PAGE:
Recent simulation studies have shown that genomic selection (GS) is an appealing method to select purebreds for crossbred performance. In the case of crossbred records, SNP effects could be estimated using an additive model, or a breed-specific allele model (BSAM). In most studies, either additive gene action, perfect knowledge of SNP effects or both has been assumed. It has been argued that dominance is the likely genetic basis of heterosis, therefore explicitly including dominance in the GS model might be beneficial to purebred selection for crossbred performance. Further, in beef cattle, the commercial populations often consist of admixtures of crossbreds with unknown breed composition. It is hypothesized that if the model includes dominance, breed differences in crossbreds will be explained by the SNP and therefore admixture can be ignored.
In this study, crossbreeding was simulated under a dominance model. The simulated genome consisted of 1,000 SNP and 100 QTL on a single chromosome of 100 cM. The dominance variance and heterosis were first chosen to be large enough to clearly detect any advantage of including dominance in the model, and then restricted to a more realistic setting to verify if the advantages would still hold. The performance of GS using the additive model, BSAM and the dominance model for training was evaluated based on (1) response to 20 generations of selection in a two-way crossbreeding program, and (2) accuracy of prediction in a variety of training populations. The influence of admixture on GS was investigated by either ignoring or considering breed composition in the model when admixed populations were used for training.
Results show that without retraining, the dominance model steadily gave greater response during selection, accumulating to an advantage of 32.2% over the additive model and of 29.2% over BSAM by generation 20. Extra response was the result of an increase in heterosis but at some cost to improvement of purebred performance. The rate of decline in accuracy during selection was less with the dominance model versus either BSAM or the additive model because SNP allele substitution effects were recomputed with updated allele frequencies every generation under the dominance model. For various training populations, the dominance model resulted in accuracies by 1.1% to 8.1% higher than the additive model, and by 2.8% to 23.7% higher than BSAM. In particular, the dominance model raised the accuracy when the training population was not the target population to be improved and/or the training population was less related to the validation population for selection. Under the more realistic parameters, the advantages of the dominance model still held, although in a reduced amount. When training was on an admixed population, including breed composition in any model did not improve accuracy of prediction.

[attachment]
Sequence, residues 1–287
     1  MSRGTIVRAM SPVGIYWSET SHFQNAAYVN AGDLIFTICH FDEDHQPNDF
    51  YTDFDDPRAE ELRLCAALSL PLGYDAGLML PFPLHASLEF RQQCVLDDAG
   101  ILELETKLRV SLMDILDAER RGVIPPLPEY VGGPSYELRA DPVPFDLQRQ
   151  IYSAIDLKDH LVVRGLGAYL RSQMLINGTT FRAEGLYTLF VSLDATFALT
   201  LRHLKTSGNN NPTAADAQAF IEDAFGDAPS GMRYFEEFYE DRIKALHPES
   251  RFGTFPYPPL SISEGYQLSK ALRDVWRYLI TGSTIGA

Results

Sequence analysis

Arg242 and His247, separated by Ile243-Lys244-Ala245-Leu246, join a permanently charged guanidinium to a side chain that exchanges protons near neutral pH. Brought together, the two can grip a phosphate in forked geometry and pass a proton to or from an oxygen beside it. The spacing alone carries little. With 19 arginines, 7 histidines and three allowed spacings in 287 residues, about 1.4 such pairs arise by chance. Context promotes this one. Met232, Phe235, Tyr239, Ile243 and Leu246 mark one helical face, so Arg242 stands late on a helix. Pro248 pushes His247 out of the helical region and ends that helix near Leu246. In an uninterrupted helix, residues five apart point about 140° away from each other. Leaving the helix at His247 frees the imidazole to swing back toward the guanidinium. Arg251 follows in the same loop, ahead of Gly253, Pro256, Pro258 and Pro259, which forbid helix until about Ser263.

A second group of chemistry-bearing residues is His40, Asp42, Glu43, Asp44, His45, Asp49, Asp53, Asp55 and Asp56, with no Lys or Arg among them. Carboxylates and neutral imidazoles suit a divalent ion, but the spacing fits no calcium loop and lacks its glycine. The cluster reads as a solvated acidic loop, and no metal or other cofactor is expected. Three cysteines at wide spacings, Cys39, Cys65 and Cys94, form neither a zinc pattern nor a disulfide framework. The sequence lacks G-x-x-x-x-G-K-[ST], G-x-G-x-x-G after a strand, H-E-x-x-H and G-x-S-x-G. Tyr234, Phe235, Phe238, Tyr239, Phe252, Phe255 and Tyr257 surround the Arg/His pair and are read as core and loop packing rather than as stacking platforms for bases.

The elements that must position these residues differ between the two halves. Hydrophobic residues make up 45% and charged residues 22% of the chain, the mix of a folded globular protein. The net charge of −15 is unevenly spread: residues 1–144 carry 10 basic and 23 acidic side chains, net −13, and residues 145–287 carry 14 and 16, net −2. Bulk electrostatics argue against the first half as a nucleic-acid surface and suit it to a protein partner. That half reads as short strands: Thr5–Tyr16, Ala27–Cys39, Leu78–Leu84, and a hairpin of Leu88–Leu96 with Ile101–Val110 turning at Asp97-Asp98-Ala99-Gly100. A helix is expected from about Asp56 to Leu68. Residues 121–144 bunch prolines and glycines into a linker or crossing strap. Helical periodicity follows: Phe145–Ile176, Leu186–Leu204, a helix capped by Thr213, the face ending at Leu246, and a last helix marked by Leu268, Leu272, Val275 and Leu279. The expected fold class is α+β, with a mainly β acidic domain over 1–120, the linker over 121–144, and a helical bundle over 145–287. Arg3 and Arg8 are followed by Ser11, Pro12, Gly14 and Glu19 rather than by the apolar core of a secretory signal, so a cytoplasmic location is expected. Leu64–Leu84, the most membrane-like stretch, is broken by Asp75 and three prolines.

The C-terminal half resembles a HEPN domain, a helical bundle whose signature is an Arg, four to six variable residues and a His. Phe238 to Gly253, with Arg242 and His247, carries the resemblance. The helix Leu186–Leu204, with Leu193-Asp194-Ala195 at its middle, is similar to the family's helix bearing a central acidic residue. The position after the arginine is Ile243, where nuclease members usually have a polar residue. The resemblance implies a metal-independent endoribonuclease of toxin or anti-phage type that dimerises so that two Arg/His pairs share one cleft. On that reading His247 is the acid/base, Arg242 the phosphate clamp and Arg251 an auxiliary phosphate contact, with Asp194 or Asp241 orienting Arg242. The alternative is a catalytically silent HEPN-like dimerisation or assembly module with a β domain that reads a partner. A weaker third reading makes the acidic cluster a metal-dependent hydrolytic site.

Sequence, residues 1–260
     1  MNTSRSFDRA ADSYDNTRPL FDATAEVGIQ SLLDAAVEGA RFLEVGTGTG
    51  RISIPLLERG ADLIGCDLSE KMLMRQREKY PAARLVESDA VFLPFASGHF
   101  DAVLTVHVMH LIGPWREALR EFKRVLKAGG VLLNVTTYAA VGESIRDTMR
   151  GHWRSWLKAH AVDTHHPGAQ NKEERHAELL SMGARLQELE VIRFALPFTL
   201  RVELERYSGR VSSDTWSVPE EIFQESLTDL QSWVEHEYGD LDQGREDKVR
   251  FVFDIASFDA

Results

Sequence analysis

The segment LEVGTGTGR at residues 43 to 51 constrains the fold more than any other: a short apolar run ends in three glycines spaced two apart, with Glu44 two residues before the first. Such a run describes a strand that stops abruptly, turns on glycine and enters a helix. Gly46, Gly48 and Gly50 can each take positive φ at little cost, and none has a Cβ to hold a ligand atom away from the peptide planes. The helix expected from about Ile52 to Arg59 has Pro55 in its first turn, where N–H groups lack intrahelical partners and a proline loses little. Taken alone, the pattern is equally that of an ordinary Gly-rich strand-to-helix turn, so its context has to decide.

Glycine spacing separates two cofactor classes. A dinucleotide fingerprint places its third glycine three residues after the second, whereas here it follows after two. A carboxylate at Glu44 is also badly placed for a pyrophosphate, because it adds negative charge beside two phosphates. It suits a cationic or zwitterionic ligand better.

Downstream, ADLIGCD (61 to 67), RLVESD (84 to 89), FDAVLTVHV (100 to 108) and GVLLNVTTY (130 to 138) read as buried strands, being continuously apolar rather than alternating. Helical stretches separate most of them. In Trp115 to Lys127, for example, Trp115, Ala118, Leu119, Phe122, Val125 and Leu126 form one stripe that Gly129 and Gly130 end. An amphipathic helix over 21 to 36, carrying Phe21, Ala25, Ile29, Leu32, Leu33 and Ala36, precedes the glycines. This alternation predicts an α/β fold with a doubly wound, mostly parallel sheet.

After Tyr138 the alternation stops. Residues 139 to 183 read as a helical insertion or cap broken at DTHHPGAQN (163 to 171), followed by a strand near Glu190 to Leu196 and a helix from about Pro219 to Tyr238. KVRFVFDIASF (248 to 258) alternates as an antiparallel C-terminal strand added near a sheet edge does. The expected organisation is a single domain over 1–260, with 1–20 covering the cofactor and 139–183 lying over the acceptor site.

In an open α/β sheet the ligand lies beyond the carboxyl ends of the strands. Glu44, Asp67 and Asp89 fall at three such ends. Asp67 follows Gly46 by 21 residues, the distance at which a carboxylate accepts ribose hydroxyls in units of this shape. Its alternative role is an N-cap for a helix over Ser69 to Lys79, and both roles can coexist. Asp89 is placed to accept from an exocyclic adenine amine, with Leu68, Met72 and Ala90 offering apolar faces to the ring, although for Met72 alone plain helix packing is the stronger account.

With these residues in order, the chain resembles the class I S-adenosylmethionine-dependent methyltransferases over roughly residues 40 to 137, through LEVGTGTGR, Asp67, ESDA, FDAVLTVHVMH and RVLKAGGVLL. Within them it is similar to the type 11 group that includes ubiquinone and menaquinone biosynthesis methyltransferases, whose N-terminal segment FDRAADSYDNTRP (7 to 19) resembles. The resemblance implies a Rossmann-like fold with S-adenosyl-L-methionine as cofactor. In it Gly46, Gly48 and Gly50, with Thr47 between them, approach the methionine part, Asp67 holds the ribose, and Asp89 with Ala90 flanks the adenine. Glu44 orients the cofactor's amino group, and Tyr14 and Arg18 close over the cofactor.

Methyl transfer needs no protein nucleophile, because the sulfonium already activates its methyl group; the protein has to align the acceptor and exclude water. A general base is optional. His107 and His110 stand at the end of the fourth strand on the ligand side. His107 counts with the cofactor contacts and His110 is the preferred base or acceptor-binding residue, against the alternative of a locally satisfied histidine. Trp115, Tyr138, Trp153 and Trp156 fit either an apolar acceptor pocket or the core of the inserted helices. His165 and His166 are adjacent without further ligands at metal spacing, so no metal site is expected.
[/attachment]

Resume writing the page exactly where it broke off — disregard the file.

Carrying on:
In conclusion, when dominance gene action is present, using a dominance model for GS would result in a greater response to selection in purebred animals for crossbred performance. The dominance model allows GS over generations or across breeds using one set of estimates of the additive and dominance effects with a higher accuracy than either BSAM or the additive model. Further, breed composition can be ignored in GS even when an admixed population is used for training.
|Advisor:||Fernando, Rohan L.|
|Commitee:||Carriquiry, Alicia L., Dekkers, Jack C.M., Garrick, Dorian J.|
|School:||Iowa State University|
|School Location:||United States -- Iowa|
|Source:||MAI 50/04M, Masters Abstracts International|
|Subjects:||Genetics, Animal sciences|
|Keywords:||Admixture, Breed-specific allele model, Crossbreeding, Dominance model, Genomic selection|
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